With budget deal done, House defense leaders turn toward NDAA

NOTE: This article first appeared on

Now that White House and congressional leaders have tentatively agreed to a two-year budget deal on military spending, House Armed Services Committee members are preparing for a long conference to reconcile differences with the Senate's version of the 2020 defense authorization bill.

The committee’s ranking member, Rep. Mac Thornberry (R-Texas), told reporters during a July 24 briefing that although he supports the budget deal, “it does not fund defense at numbers I would like,” namely because it doesn’t account for inflation.


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“It is 3% real growth, not 3% real growth. And so you have inflation eating into some of the buying power of this number,” he said, adding that the $5 billion increase to the House-passed bill would help ensure readiness.

Ultimately, Thornberry said, “$738 billion on time is more valuable than $750 billion in December or January after you’ve gone through a [continuing resolution] and had all of the uncertainty that goes with that.” The two-year budget deal has the added benefit of lasting through fiscal 2021 and a potentially chaotic election year, he added.

In recent months, Defense Department officials have stressed the need for on-time funding, but despite the deal, which still has to be voted on, lingering issues continue to hinder passage of the 2020 defense authorization bill.

A spokesperson for Adam Smith (D-Wash.), the committee’s chairman, said the debate over the topline budget would still be a concern heading into conference.

“The Senate marks were consistent with $750 billion; the House marks were consistent with $733 billion,” the spokesperson said. “With the budget deal in place at $738 billion -- which is a little more than a 3% increase from [fiscal 2019] -- both chambers will examine how to align the funding tables with that number.”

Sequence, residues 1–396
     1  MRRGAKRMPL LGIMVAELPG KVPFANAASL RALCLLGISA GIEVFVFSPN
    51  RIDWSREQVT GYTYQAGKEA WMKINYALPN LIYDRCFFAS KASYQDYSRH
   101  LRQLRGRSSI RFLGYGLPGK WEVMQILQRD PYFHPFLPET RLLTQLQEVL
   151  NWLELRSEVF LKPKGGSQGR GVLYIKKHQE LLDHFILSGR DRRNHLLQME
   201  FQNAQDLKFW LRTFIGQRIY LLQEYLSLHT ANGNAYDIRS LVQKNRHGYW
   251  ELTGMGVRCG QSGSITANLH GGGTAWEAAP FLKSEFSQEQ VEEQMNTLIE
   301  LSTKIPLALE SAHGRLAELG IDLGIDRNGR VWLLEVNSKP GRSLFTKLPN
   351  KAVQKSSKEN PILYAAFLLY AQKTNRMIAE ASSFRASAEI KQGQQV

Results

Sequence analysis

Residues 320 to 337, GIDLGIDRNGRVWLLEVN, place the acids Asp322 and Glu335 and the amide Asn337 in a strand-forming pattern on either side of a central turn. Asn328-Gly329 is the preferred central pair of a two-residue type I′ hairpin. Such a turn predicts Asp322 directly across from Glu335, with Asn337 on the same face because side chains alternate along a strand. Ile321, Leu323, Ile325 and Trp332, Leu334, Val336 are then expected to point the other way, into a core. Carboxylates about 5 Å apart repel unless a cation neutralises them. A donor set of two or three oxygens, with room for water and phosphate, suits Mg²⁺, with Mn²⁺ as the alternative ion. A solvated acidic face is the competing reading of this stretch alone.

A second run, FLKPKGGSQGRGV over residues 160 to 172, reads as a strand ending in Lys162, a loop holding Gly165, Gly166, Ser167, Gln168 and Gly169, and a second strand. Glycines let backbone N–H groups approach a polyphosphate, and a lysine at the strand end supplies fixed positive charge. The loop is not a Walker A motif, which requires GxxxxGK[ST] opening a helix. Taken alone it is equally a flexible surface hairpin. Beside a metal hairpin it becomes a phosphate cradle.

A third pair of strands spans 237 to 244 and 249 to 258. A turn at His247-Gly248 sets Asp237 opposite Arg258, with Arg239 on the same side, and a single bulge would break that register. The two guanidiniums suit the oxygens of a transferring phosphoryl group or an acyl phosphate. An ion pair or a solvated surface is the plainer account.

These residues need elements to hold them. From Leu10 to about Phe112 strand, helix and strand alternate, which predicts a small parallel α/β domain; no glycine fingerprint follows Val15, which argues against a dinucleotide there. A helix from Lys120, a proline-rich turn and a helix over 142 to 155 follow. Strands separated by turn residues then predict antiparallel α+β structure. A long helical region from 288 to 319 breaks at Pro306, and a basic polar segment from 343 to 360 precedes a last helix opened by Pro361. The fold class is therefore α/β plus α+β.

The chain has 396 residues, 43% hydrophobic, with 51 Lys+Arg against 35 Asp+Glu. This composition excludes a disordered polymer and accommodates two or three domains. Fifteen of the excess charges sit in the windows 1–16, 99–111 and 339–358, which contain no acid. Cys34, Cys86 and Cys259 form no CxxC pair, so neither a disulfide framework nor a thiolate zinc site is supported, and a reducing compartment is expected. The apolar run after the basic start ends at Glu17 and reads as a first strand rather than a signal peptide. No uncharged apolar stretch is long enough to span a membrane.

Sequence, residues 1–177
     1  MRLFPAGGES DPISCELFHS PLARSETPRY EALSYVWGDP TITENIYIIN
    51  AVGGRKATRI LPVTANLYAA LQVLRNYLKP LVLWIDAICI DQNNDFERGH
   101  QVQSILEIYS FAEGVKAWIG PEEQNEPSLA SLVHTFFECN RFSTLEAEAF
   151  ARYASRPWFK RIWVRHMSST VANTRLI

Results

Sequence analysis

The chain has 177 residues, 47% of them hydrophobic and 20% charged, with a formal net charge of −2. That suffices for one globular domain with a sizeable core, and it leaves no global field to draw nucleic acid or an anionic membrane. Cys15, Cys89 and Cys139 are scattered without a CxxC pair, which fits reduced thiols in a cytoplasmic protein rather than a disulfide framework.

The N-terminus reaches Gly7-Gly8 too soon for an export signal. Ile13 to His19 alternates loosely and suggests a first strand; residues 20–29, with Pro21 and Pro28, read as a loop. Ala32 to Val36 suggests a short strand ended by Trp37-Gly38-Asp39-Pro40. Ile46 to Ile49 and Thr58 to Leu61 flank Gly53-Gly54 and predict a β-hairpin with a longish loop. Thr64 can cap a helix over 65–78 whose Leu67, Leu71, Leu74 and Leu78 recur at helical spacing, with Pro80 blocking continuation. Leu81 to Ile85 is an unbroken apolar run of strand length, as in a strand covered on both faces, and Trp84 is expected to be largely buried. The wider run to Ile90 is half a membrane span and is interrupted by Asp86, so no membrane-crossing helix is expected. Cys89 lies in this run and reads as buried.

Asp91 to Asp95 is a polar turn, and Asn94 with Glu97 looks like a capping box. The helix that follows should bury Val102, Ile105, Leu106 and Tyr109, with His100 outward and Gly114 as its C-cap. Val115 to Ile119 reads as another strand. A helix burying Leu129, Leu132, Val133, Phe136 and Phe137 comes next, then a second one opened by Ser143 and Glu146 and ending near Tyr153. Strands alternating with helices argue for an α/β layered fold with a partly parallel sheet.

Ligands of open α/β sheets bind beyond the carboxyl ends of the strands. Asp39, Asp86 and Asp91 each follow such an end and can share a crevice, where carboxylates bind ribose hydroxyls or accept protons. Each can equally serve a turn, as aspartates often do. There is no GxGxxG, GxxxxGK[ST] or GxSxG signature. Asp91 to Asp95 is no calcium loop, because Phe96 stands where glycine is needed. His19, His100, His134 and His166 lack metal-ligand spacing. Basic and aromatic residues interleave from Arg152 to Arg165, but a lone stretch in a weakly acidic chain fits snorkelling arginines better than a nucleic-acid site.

“Unless a lot of the provisions that were added in the House get dropped in conference, a conference report could not possibly pass the Senate, much less get to the president,” Thornberry said.

In addition to the topline number, he also expressed concerns about how the $733 billion would be spent and problems with amendments added on the House floor before the bill’s passage. “That’s what the conference will have to go through,” he said, without citing specific issues.

NDAA dissenters will likely be worried about debt and spending questions, Thornberry said, adding that it was “easier to vote no than yes.”

Discussions are expected to start in August, and he estimated that a conference report would be finalized by Oct. 1.

About the Author

Lauren C. Williams is a staff writer at FCW covering defense and cybersecurity.

Prior to joining FCW, Williams was the tech reporter for ThinkProgress, where she covered everything from internet culture to national security issues. In past positions, Williams covered health care, politics and crime for various publications, including The Seattle Times.

Williams graduated with a master's in journalism from the University of Maryland, College Park and a bachelor's in dietetics from the University of Delaware. She can be contacted at, or follow her on Twitter @lalaurenista.

Click here for previous articles by Wiliams.

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